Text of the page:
Classification as diagnostic reasoning

Bob Rehder, ShinWoo Kim

Research output: Contribution to journalArticle

Abstract

An ongoing goal in the field of categorization has been to determine how objects' features provide evidence of membership in one category versus another. Well-known findings include that feature diagnosticity is a function of how often the feature appears in category members versus nonmembers, their perceptual salience, how features are used in support of inferences, and how observable features are related to other observable features. We tested how diagnosticity is affected by causal relations between observable and unobserved features. Consistent with our view of classification as diagnostic reasoning, we found that observable features are more diagnostic to the extent that they are caused by underlying features that define category membership, because the presence of the latter can be (causally) inferred from the former. Implications of these results for current views of conceptual structure and models of categorization are discussed.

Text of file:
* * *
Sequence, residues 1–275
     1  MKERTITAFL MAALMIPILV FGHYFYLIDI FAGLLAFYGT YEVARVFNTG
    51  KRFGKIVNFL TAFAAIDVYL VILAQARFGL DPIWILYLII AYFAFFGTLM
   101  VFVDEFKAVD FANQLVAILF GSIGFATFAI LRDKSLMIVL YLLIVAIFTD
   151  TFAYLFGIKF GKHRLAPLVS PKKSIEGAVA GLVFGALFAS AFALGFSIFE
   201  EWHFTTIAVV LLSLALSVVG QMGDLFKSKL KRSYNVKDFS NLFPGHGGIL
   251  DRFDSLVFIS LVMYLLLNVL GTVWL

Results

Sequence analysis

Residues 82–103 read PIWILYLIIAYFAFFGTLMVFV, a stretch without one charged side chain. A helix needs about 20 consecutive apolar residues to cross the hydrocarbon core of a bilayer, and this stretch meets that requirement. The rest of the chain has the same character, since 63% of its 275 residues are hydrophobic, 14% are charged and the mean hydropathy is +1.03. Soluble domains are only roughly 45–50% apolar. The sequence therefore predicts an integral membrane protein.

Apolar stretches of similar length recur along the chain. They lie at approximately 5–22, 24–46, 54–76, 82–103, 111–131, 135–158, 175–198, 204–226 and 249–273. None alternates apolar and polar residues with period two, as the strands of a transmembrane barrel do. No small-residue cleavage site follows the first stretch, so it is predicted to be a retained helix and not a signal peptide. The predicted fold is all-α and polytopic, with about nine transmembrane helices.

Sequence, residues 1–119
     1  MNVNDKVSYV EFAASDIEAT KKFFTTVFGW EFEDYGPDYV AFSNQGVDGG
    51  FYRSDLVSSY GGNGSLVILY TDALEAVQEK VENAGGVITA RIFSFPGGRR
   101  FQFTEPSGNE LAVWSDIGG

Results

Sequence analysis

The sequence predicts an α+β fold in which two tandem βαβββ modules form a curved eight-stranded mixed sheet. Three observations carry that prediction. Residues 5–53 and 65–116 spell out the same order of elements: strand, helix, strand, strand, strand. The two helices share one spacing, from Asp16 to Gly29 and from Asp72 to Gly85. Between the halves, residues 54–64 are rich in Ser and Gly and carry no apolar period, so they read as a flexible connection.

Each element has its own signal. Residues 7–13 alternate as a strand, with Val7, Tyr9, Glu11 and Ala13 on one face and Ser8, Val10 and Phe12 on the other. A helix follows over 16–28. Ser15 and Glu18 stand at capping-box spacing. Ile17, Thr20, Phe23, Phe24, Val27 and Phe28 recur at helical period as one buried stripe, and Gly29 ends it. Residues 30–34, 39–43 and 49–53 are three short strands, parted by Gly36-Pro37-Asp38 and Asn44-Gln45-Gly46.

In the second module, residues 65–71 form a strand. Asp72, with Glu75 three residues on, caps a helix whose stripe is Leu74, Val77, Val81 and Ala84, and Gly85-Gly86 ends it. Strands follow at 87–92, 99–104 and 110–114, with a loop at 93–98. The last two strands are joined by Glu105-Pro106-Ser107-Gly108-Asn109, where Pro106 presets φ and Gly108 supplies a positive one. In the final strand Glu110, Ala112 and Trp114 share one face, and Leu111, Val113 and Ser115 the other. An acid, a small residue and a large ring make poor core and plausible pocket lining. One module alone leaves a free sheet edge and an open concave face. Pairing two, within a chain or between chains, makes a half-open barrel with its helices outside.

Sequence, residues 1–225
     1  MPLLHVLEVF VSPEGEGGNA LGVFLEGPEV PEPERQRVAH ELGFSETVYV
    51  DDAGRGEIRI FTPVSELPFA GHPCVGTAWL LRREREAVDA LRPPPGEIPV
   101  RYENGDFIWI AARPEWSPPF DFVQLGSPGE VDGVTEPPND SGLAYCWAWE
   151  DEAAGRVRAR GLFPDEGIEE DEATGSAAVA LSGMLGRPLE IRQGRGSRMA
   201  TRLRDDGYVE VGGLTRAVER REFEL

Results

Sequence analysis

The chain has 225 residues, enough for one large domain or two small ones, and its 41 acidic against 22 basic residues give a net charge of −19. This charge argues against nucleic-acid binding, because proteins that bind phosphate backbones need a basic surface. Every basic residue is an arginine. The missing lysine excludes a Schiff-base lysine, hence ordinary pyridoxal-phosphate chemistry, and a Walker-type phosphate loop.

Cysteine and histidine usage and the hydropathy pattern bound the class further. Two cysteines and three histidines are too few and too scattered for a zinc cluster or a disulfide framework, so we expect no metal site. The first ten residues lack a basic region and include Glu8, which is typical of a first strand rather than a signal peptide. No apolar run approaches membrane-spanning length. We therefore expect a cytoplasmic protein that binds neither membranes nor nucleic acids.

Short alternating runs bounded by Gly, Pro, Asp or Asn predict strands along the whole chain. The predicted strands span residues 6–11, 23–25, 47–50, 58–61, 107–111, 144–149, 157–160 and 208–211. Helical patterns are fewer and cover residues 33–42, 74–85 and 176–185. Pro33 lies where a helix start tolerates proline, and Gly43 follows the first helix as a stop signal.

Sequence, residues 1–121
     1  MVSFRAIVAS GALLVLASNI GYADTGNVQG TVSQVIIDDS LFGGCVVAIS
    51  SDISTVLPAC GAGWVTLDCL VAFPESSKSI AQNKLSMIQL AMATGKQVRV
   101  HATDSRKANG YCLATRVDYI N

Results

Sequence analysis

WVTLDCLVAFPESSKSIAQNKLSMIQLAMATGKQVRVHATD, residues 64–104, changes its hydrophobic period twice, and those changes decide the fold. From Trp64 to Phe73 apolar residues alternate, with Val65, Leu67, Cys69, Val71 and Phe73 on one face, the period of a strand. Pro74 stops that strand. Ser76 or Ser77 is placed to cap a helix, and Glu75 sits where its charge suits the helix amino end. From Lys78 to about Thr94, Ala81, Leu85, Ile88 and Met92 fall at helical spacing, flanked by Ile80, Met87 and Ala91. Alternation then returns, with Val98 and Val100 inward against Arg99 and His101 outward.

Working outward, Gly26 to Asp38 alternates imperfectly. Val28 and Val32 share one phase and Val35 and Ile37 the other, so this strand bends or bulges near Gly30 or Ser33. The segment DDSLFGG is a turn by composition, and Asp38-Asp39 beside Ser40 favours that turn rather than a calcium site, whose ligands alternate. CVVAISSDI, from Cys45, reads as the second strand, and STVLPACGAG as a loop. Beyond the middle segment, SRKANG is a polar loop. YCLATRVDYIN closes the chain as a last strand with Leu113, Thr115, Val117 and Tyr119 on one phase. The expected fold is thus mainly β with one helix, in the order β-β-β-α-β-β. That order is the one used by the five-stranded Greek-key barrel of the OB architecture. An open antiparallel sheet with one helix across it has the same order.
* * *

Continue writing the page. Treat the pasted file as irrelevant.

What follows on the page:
Original languageEnglish (US)
Pages (from-to)715-729
Number of pages15
JournalMemory & Cognition
Volume37
Issue number6
DOIs
StatePublished - 2009

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Diagnostics
Causal Relation
Perceptual Salience
Conceptual Structure
Inference
Conceptual Model

ASJC Scopus subject areas

  • Experimental and Cognitive Psychology
  • Neuropsychology and Physiological Psychology

Cite this

Classification as diagnostic reasoning. / Rehder, Bob; Kim, ShinWoo.

In: Memory & Cognition, Vol. 37, No. 6, 2009, p. 715-729.

Research output: Contribution to journalArticle

Rehder, Bob ; Kim, ShinWoo. / Classification as diagnostic reasoning. In: Memory & Cognition. 2009 ; Vol. 37, No. 6. pp. 715-729.
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